Frequently I hear people talk about songs stuck in their heads. This happens to me a lot, but most of the time, it's the same songs. Over and over. Sometimes I feel like there is a soundtrack to my life. There are certain songs that come on the radio, or shuffle in on my ipod, and I am brought back to a very specific instance in my life. And frequently, the moments are mundane. Not largely significant. Just a moment. A moment when I was listening to the song, and the song explained my life in a nutshell. Or, sometimes, it was just the song that was on the radio every other minute during that time.
For example, One Headlight, by The Wallflowers. This song was incredibly popular in my junior/senior years of high school. And I have these distinct memories of driving down a particular road, with the windows down, and the song cranked up on the radio. It's not a particularly uplifting song. But what do you know when you're 17 and cruising around thinking that #1 you know all there is to know about life, and #2 that everything that happens to you is unbelievably life altering. Little do you know, that there is so much to the world out there.
That promptly moved into my college years. I spent several summers taking the train in and out of NY where I worked with my father. And over those several summers I remember listening a couple of songs endlessly. Although what they meant to me changed, and who I blamed as the villain in them changed. Like, Jumper, by Third Eye Blind, or Motorcycle Driveby, also by Third Eye Blind, I listened to them (Third Eye Blind) a lot during those years!
This for the time being ends my college years and moved me into my early working years. Where I have a distinct memory of walking down the stairs to the PATH in the Hoboken train station while listening to Something More, by Sugarland. Another song that felt like the soundtrack to my life during this time included songs like Manic Monday, by The Bangles.
And what this has to do with "Who Dropped the Pacifier" is now on the horizon, as I was planning my wedding and beginning to set out on my own, the song Baby Girl, by Sugarland would play on repeat on my ipod for hours.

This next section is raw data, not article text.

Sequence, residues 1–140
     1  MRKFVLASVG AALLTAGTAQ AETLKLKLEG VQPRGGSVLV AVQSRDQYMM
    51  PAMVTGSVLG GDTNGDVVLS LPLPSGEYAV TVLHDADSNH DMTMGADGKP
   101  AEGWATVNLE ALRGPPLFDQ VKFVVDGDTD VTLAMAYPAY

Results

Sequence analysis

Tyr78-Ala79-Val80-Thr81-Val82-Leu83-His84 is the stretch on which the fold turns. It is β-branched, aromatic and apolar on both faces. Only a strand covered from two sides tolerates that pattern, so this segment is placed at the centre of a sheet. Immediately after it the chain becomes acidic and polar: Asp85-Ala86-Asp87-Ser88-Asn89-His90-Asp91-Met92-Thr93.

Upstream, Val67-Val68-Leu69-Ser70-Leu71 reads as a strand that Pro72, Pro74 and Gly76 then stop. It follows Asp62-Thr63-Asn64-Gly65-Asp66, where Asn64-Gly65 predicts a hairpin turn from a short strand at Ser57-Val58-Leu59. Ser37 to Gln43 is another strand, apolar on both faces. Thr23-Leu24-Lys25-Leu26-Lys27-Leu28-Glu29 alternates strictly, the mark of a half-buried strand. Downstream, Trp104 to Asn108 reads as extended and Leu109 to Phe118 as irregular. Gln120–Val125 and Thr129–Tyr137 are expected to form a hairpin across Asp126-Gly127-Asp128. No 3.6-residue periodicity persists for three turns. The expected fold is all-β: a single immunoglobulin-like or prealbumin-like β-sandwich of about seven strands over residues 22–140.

And as I awaited the arrival of E, the soundtrack to my life changed yet again. And it was filled with songs such as: You're Gonna Miss This by Trace Adkins, I Loved Her First by Heartland, Let Them Be Little by Billy Dean, I Loved Her First by Heartland, Somebody's Hero by Jamie O'Neal, It Won't Be Like This For Long by Darius Rucker, My Little Girl by Tim McGraw, Then They Do by Trace Adkins, You'll Always Be My Baby, by Sara Evans, and the absolute most important, My Wish by Rascal Flatts. I will never forget driving home from work the first time I heard My Wish while pregnant. I know exactly where I was, and as I listened to the lyrics, tears started pouring down my face. And I knew... this, was my baby's theme song. I spent weeks collecting songs about becoming a parent. As I didn't know if E was yet to be a girl or a boy, at the time I collected songs for both. And they all touched my soul. They articulated in ways I still could not, what it meant to me to become a parent. The unconditional love that I was already feeling, could only be explained by these songs that played in my head, for 9 months. Before we left for the hospital, I made a special cd, one that was intended for a baby girl, and another, intended for a baby boy. And in the quiet of the evening on E's first night in this world. I popped the cd into my cd player, and I quietly whispered the songs to her. Daddy was at home, changing, feeding the cats, and then coming back to our side. The rain was pouring down outside. And I just walked around the room with little E in my arms, and sang to her. Weeks later, those same songs would be quietly sung to her as she nursed in the middle of the night. And now, almost at 8 months, the songs still play in the background in the evening, and I still sing them softly to her as she takes her bed time bottle. And hope... that someday... they will create the foundation for the soundtrack of her life.
To parents everywhere, may the songs that are in the soundtrack to your life... articulate what you can not. And heal your soul when they need to. And most of all... perhaps, in some small way... they will tell us Who Dropped the Pacifier.